A recent assessment of the Pradhan Mantri Fasal Bima Yojana (PFMBY) for 2017-18 shows that the Narendra Modi government’s flagship agriculture scheme is proving to be the final nail in the coffin for Indian farmers. The first of its kind assessment highlights the pattern of increased premium but lower claims.
In 2017-18, the average premium paid by each farmer was Rs. 4,634, which is 20% more than 2016-17. The total premium collected by insuring agencies in 2017-18 was Rs. 23,206.18 crore, a giant leap of about 12% compared with 2016-17.
The evaluation supported by the Union Ministry of Agriculture and Farmers’ Welfare (MoA&FW) was first tabled in Parliament in August 2018, but was not made available in the public domain till recently. The report exposes the poor performance of the flagship programme as farmers are angry over delays in claim settlement, rejections and paltry compensation.
Keeping up with the pattern of the scheme proving to be a bonanza for insurance companies, this year’s report recommends the need to check the ‘super normal’ profits of the insurance companies and also putting a cap on their participation, limiting the scheme to 10 companies.
Also Read: PMFBY: Another Modi Scheme Bites the Dust
The report shows a rise in the participation of insurance companies- a total of 16 insuring companies participated in 2016-17, out of which 11 were private agencies and seven were public agencies. In the latest assessment, the number of insurance companies has gone up to 18.
To little surprise, the report pointed out that enrolment of farmers has reduced significantly in the past two years, falling from 5.72 crore in 2016-17 to less than 4.9 crore in 2017-18. The report added that even the area covered is reducing. Three-fourth of the total claims and three-fourth of the total premium is concentrated only in 25% of the districts, said the study.
The total area insured under the scheme decreased by 13.27% from 2017-18 to 2016-17. The area insured per farmer in the crop in 2017-18 was 0.02 hectares lesser than that in 2016-17.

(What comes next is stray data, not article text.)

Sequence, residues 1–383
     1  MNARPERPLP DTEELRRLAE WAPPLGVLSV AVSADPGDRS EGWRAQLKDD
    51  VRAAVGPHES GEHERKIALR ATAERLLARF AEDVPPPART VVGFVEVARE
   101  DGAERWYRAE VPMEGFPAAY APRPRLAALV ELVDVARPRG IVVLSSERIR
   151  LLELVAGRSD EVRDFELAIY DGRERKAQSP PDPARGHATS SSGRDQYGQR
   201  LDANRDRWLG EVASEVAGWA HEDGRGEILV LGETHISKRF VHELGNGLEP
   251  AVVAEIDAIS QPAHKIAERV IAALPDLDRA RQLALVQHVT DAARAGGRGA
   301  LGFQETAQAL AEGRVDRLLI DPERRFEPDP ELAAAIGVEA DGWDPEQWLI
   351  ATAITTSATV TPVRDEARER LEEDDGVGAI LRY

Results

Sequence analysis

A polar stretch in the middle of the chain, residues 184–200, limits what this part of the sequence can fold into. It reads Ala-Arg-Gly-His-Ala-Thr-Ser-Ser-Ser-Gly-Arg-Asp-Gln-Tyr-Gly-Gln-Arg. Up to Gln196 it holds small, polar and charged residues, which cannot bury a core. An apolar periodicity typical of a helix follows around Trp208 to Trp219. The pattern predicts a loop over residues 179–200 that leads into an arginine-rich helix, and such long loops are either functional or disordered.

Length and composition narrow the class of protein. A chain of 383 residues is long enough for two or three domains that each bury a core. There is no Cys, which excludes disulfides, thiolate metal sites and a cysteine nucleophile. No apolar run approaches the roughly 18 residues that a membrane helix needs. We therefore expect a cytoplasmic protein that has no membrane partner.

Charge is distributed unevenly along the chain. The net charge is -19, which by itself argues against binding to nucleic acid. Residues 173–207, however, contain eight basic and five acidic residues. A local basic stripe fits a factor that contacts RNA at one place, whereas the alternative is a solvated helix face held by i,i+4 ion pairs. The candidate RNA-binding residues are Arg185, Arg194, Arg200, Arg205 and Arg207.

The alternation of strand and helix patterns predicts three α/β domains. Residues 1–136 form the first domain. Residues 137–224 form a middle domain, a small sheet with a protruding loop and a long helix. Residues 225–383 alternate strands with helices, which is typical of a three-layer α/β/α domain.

Assam, Jammu & Kashmir, Manipur, Meghalaya and Sikkim saw the highest gains in area coverage, whereas the states of Goa, Karnataka, Maharashtra and Tripura saw large falls in area covered under the insurance.
More Premium Less Benefit
The total sum insured under the scheme in 2017-18 was Rs. 1.91 lakh crore, a marginal increase of 0.12% from 2016-17. While the sum insured per farmer increased up to Rs. 4,597 per farmer, the sum insured per hectare increased up to Rs. 3,580 in 2017-18 compared with 2016-17.
The sum insured in Kharif 2017 was Rs. 1.22 lakh crore, which was 1% lower than Kharif 2016. In Rabi 2017-18, sum insured was Rs. 68,000 crore which was 3.16% higher than Rabi 2016-17.
The premiums paid by the central and state governments were Rs. 9,679 crore each. In 2017-18, the total premium paid by farmers was Rs. 3,916 crore, 1% lesser than the previous year. The report pointed out that the benefit of the scheme had to be taken back to its true beneficiaries- the farmers.
Speaking with NewsClick, Jaswinder Singh of the All India Kisan Sabha (AIKS) said, “Is yojana ke tehat, kisan ek mohra ban gaya hai aur sarkar khud agent (Under this scheme, the farmers have become mere pawns for the insurance companies and the government, their agent.)”
‘Insurance Companies Sabotage Farmers’ Claims’
Reflecting on the ground realities of the scheme, he highlighted the systemic problems that plague the programme -- as part of procedure, the farmers give some premium while the balance is given in equal parts by the center and the state governments. All this premium goes to insurance companies involved in providing crop insurance. Then, at the harvesting time, farmers file claims for insurance pay-out, and the companies test their claims. Singh added, “The scheme has caused huge losses to the farmers as the companies end up sabotaging the farmer’s claims about crop damage.”
The coverage is required to include mainly yield losses due to non-preventable risks, prevented sowing, post-harvest losses and localised calamities. The losses are calculated based on the difference from threshold yield which is calculated on seven years’ data and indemnity levels. The damage claims are often verified through a lengthy process involving representatives of companies and district level government offices.
Also Read: The Facade of Fasal Bima Yojana
Giving the example of Madhya Pradesh, Singh pointed out, “There are no officials on the ground to make assessments of the damage leading to delays and the process is being scuttled.” The claims of the farmers are often met with objections from the insurance company leading to severe complications in the process and many claims being rejected.
The study authored by the project coordinator, Ranjan Kumar Ghosh of Centre for Management in Agriculture, Indian Institute of Management, Ahmedabad, recommended the use of crop-cutting technology that allows measuring yield, increasing operational window for insurance companies, and lowering the number of insurance companies under the scheme.
According to the report, the scheme may have an edge over the previous National Agriculture Insurance Scheme but still needs to provide insurance companies performance linked incentives or penalise them for below-par performance.
Full report can be accessed here.